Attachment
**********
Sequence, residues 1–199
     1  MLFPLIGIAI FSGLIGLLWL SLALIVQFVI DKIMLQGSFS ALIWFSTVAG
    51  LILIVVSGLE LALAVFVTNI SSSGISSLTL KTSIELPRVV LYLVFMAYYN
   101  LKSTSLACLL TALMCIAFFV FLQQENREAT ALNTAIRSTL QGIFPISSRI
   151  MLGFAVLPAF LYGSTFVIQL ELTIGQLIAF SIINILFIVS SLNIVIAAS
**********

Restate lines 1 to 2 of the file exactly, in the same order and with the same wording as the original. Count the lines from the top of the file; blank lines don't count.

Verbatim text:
Sequence, residues 1–199
     1  MLFPLIGIAI FSGLIGLLWL SLALIVQFVI DKIMLQGSFS ALIWFSTVAG